“People have been affected by it either personally or they know somebody that has been,” Lane said. “And so now they’re just speaking up and speaking out. Enough is enough.”
In the Market Street area north of downtown, shootings have also dropped. Last year through July, seven people had been fatally shot in the general vicinity, but this year no one has been killed. Shootings are also down slightly, from 28 to 25.
Pastor Sandra Ben of Proving Ground Community Church off Market Street holds regular marches to protest violence and promote peace. She agreed with Lane’s assessment .
“When I have my civic association meetings, I’m glad to hear that we don’t have a whole lot of activity going on in an area that usually would be the hotspot. It makes people feel safer,’’ Ben said.
She said the community is working together to prevent violence.
“I think if we all keep doing what we’ve been doing and even make it more so, I think it will hold,” Ben said “I know the police are being more visible. And that makes a big difference.”
Out on the East Side this week, residents, visitors, and workers said they are happy to hear violence has abated somewhat, but remain concerned that it’s only a temporary lull, because too many people are armed.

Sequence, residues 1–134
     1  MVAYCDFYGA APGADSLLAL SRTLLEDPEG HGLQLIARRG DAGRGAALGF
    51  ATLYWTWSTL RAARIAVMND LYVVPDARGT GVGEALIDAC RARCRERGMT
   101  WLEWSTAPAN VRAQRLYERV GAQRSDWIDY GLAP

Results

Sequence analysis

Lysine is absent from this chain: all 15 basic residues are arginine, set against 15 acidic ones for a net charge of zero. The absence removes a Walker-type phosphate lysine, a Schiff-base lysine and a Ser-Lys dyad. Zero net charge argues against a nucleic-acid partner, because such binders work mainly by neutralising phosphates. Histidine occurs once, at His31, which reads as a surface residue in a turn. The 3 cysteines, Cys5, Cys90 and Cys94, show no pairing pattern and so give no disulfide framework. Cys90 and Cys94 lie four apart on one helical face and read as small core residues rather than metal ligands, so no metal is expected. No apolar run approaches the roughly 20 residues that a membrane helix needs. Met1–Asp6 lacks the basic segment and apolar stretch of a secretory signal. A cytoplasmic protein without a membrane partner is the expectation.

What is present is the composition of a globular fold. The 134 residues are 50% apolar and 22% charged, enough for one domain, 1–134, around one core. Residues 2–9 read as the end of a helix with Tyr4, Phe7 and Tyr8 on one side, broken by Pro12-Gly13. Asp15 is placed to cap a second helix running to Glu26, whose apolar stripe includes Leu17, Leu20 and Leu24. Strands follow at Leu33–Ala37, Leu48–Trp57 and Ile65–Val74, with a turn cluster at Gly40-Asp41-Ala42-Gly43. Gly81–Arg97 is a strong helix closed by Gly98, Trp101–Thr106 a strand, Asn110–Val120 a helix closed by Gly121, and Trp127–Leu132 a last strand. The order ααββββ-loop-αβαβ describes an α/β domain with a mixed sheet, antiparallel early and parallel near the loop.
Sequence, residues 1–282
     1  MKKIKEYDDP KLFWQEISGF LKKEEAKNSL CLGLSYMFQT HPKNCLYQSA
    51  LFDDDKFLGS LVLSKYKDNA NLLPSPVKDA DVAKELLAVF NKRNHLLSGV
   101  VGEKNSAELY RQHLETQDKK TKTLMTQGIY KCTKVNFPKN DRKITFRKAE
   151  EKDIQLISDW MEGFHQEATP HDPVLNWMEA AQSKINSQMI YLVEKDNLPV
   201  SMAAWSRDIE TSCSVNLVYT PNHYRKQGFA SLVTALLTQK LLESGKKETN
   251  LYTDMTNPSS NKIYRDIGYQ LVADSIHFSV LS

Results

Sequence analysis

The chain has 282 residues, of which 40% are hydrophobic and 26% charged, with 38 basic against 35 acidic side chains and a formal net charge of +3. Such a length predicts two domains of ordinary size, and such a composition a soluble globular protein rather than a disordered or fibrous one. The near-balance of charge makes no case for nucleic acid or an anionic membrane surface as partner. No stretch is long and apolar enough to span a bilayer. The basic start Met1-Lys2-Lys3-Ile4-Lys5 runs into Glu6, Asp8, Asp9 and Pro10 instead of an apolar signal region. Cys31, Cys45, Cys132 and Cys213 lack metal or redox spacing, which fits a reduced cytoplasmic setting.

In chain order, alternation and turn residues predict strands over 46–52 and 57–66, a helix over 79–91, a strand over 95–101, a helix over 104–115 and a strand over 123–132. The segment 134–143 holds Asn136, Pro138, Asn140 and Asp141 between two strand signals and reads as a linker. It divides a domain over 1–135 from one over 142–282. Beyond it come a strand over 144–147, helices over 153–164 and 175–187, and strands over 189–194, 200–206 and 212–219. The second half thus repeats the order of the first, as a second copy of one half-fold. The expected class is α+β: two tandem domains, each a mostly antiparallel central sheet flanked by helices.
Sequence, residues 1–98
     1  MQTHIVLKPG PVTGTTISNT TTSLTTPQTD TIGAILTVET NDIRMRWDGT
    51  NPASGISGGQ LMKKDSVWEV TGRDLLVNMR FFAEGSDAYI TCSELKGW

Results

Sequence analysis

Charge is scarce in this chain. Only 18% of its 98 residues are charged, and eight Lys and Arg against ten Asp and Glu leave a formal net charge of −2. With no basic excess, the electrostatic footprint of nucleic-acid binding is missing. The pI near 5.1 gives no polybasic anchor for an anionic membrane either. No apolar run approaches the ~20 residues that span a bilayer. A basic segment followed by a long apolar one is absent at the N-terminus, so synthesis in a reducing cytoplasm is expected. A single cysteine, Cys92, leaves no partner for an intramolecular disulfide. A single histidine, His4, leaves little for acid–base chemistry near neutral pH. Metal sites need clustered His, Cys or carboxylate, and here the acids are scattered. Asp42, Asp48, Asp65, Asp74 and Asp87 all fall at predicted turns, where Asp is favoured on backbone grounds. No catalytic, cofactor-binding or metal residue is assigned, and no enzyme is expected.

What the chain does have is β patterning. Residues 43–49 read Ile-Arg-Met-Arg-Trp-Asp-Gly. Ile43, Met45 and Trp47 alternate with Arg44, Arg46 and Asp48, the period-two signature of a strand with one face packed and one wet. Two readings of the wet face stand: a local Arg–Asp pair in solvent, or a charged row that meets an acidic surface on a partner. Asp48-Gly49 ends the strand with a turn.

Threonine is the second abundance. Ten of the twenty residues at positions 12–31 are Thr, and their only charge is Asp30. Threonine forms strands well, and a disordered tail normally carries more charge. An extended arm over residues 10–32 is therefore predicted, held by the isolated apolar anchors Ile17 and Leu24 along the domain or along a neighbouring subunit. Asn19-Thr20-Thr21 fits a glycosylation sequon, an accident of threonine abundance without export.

“They need to put the guns down,’’ resident Toni Jackson said.
Darius Howell is heartened that there’s been less gunfire in an area where large-scale home construction and renovations are in the works under a new initiative using $30 million in federal pandemic relief funds.
“That’s great because now we can get the kids in the community doing something positive and staying away from the drugs and killing their own folks,’’ Howell said.
Keith Brown, who has been doing construction work on Kirkwood Street, agrees.
“That’s a blessing,’’ he said. “We’ve just got to do something with these guns. Until they get a handle on the guns, everybody’s got to cross their fingers.
“Anything can happen to anybody. A bullet doesn’t have anybody’s name on it. Just us standing here, anything can break out.”